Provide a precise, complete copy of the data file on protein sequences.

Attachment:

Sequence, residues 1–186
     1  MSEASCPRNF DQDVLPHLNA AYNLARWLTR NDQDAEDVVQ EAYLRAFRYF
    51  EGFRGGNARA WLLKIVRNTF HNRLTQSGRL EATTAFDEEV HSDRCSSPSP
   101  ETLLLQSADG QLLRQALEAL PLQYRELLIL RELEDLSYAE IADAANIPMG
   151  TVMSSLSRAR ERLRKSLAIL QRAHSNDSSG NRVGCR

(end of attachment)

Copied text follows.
Sequence, residues 1–186
     1  MSEASCPRNF DQDVLPHLNA AYNLARWLTR NDQDAEDVVQ EAYLRAFRYF
    51  EGFRGGNARA WLLKIVRNTF HNRLTQSGRL EATTAFDEEV HSDRCSSPSP
   101  ETLLLQSADG QLLRQALEAL PLQYRELLIL RELEDLSYAE IADAANIPMG
   151  TVMSSLSRAR ERLRKSLAIL QRAHSNDSSG NRVGCR